The Economics Focus in this week’s Economist makes some excellent points. Most importantly, it demonstrates the degree to which looking at national rates of GDP growth independently from national rates of population growth produces a misleading impression of what is really happening.
America and Australia usually have the kind of economies that people understand to be growing rapidly – a fact often attributed to their dynamism, lack of enthusiasm for income redistribution, etc. By contrast, Germany and Japan tend to be lamented as low-growth laggards. If you consider the changes in GDP per capita, Japan grew more quickly than either Australia or the United States between 2002 and 2007. Because of relatively high rates of population growth, the American economy needs to ‘run just to stand still.’ The problem is even more acute in places with still higher rates of population growth.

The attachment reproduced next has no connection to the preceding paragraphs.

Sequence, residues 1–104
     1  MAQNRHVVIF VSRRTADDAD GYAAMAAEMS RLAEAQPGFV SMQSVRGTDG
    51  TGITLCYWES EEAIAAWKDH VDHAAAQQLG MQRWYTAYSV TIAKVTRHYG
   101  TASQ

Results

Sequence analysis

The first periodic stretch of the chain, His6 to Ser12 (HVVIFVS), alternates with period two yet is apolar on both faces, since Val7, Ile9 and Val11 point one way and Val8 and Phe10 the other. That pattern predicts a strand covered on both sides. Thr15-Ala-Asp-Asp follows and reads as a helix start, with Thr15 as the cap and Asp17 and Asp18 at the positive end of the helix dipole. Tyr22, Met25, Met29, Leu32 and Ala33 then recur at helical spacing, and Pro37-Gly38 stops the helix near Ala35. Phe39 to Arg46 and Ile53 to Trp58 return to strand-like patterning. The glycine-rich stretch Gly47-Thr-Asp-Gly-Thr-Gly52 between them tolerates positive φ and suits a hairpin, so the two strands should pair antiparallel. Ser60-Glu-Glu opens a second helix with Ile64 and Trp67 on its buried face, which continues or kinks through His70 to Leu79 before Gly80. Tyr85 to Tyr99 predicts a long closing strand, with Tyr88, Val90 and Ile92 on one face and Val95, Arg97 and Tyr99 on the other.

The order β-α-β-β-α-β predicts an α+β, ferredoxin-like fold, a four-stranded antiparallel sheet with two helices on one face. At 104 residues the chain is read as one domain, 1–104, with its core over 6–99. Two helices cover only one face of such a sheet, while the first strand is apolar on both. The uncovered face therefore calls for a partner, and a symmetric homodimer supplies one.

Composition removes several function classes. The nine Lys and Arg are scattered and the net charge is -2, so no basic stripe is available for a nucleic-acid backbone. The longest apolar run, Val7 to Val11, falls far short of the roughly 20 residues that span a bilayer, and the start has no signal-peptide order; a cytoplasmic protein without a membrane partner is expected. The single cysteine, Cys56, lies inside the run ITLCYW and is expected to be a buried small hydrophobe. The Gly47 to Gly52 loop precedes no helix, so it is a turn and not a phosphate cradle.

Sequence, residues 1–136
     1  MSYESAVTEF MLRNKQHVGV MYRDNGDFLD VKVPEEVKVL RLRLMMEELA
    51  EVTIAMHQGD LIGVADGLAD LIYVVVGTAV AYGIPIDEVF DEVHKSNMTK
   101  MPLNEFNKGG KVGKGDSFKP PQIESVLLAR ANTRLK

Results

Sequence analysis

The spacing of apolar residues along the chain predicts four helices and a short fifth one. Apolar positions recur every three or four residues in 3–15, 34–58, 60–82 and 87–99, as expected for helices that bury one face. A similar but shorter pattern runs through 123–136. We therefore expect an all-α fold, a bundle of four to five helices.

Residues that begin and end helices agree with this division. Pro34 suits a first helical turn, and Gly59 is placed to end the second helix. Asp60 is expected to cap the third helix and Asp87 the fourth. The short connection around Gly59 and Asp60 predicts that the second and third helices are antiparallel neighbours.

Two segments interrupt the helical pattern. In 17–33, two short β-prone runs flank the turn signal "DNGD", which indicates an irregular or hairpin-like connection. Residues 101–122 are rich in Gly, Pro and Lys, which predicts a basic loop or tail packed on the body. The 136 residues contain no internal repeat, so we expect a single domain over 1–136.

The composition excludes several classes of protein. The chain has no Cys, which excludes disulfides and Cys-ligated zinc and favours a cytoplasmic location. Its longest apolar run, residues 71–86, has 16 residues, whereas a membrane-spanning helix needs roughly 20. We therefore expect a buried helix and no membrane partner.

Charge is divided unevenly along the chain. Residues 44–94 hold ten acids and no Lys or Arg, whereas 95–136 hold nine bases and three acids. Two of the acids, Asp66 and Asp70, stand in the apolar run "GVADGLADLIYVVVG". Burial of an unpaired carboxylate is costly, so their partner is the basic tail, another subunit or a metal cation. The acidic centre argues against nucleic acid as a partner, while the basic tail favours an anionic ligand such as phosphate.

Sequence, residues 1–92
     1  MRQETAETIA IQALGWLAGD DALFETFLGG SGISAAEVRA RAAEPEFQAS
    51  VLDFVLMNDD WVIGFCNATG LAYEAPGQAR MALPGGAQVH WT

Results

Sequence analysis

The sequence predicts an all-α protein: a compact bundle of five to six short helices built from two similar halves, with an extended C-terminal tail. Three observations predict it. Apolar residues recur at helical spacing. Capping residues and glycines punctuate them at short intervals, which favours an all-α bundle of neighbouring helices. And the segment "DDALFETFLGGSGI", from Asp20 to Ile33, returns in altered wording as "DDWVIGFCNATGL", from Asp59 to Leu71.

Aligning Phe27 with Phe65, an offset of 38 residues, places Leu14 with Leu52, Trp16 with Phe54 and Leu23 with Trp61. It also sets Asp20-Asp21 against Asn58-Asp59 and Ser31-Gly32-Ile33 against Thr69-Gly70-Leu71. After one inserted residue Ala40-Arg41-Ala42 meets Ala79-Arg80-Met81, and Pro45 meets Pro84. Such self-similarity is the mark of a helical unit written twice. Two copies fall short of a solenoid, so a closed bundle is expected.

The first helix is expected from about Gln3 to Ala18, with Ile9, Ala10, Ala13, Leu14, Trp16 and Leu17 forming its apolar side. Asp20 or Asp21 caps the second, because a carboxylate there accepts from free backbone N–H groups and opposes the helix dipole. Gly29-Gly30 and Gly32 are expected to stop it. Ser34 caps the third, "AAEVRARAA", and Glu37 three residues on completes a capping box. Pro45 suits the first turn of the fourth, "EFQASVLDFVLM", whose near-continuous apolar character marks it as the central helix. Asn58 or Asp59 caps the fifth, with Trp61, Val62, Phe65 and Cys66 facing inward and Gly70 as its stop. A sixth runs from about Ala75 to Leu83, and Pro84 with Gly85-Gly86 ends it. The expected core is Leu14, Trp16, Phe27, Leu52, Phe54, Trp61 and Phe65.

Arguably, this offers one more reason to cheer falling populations as a sign of national maturity. While an aging population does put strain on pay-as-you-go pension and health care systems, that is a one-time cost of adjustment. Once it has been borne, a diminishing population means fewer resource constraints, a higher level of physical and financial capital per person, and a increased factor price for labour, yielding improved economic returns for workers.
For both environmental and economic reasons, we may thus have good reason to hope for fewer members in each subsequent generation.